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The newly update roadmap released by the LTO Program Technology Provider Companies (TPCs) in October 2017, now spans an amazing 12 generations. The original LTO roadmap released in 2000 featured just the original four generations with LTO- 1 at 100 GB and LTO-4 at 800 GB capacity. Other popular tape formats like DDS and DLT had just four or five generations over their entire lifespan. IBM enterprise tape has had a pretty good run when you factor in 3480, 3490, 3590 and 3592 JA, JB, JC, and JD.
LTO certainly has had a very good run these past 17 years and figures to have decades left to go. If we assume two to two-and-a-half years between generations, and based on LTO-8 as newly introduced at the start of 2018, we might expect Gen 12 to be in the market around 2028. The spec on LTO-12 is 192 TB native (480 TB compressed assuming 2.5:1 compression). Is this even achievable based on current tape technology? After all, we are at 6.0 TB on LTO-7 today and LTO-8 is slated for 12.0 TB native.
This is where the importance of long-term research and development comes into play. Recall that in 2006, IBM and Fujifilm demonstrated the achievement of an areal density of 6.7 Gbpsi (billions of bits per square inch) which gave us the potential to achieve up to 8.0 TB native capacity on a single cartridge based on the first generation of Barium Ferrite magnetic particles. Sure enough, by 2011 the first multi-terabyte tapes came to market at 4.0 TB and 5.0 TB from IBM and Oracle respectively. This was followed by LTO-6 at 2.5 TB in 2012. Fast forward to 2015 when IBM and Fujifilm demonstrated the achievement of 123 Gbpsi with potential for a native 220 TB cartridge using 3rd generation Barium Ferrite magnetic particles.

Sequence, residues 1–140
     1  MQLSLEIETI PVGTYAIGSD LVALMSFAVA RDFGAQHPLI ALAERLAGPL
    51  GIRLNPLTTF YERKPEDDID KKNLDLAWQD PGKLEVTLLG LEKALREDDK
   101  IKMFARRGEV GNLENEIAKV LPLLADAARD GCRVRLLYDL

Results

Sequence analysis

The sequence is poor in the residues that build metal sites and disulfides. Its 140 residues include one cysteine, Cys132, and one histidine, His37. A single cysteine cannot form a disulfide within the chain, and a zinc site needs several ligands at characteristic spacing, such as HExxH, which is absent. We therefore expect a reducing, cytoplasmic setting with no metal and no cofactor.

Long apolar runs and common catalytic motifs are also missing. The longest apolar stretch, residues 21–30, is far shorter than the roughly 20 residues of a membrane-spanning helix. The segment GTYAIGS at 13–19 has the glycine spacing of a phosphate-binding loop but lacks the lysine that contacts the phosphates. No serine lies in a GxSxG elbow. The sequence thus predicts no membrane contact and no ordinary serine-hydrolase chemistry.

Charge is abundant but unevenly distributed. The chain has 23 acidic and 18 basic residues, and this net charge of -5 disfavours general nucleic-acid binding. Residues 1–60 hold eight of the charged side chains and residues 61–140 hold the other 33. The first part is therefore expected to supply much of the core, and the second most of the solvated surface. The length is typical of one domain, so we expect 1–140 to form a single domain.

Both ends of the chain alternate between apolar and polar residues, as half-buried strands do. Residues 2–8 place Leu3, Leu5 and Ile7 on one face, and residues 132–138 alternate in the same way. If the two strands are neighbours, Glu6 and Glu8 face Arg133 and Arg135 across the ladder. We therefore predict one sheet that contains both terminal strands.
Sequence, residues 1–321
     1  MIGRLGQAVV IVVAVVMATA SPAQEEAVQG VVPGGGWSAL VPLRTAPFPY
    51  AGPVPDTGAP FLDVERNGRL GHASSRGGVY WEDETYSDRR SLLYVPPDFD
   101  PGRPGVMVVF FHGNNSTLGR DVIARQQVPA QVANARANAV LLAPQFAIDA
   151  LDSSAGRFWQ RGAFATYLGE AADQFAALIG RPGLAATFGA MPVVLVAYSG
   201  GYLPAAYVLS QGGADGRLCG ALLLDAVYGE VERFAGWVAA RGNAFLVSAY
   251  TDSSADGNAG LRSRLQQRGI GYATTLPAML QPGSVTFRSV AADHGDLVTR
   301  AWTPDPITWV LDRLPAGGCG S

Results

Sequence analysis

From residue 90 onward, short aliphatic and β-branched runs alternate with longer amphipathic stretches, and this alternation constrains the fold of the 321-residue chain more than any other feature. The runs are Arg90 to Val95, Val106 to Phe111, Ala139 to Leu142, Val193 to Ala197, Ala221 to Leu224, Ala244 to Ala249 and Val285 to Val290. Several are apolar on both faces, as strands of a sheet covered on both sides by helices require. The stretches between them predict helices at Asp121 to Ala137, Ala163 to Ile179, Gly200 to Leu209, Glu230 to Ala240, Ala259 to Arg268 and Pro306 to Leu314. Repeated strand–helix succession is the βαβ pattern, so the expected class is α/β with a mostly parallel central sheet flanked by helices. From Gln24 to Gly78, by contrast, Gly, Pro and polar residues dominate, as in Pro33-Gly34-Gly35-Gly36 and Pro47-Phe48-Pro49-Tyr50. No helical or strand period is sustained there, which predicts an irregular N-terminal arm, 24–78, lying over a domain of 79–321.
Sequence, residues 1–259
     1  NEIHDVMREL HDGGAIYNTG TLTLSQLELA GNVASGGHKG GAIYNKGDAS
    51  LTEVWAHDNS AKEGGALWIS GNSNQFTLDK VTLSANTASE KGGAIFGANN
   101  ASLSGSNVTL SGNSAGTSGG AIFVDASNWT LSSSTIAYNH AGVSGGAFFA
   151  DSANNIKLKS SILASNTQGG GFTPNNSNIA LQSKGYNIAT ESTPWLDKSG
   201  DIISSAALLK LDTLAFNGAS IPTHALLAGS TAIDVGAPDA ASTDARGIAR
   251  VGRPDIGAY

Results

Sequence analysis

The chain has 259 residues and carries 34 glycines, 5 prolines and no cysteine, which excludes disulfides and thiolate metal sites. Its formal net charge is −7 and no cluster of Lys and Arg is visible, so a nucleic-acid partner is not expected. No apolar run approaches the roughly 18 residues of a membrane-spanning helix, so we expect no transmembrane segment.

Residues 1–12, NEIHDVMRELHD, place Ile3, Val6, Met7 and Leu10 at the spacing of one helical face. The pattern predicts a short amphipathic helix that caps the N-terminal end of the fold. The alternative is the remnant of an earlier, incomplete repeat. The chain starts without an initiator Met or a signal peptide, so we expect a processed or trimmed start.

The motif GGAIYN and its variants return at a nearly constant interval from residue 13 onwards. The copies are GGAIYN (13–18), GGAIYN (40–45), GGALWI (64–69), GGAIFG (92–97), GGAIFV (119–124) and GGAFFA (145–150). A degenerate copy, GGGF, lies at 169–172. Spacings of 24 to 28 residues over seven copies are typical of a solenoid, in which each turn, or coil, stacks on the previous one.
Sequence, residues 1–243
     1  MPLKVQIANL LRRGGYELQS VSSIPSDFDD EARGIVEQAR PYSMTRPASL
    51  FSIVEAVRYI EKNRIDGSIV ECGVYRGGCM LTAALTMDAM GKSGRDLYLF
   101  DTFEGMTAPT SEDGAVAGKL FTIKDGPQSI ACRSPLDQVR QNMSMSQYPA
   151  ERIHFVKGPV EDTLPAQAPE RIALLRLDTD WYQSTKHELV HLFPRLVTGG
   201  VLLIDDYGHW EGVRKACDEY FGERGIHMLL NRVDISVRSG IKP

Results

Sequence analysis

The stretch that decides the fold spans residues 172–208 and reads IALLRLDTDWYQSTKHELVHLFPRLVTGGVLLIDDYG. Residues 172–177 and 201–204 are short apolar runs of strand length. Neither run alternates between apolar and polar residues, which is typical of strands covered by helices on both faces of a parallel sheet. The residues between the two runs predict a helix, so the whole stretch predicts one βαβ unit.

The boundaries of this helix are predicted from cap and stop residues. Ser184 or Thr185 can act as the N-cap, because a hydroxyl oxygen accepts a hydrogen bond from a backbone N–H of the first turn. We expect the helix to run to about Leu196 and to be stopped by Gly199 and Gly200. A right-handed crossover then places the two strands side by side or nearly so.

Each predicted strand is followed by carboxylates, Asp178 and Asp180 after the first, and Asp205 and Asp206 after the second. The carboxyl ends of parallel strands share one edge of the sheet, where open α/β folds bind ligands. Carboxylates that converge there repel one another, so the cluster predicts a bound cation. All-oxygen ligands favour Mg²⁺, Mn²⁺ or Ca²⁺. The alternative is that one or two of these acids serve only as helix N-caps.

More recently Sony and IBM demonstrated 201 Gbpsi with potential for a 330 TB cartridge and Fujifilm’s Strontium Ferrite next-generation magnetic particle promises more than 400 TB on a cartridge with an areal density of approximately 224 Gpsi. How dense can the areal density get? If you look at HDD areal density, it is greater than 1,000 Gpsi. So, we can safely say that tape has no fundamental technology limitations and can achieve not only Gen 12 but many generations beyond that. This, of course, makes tape a safe bet for long-term migration plans at a cost that will continue to be significantly lower than competing technologies.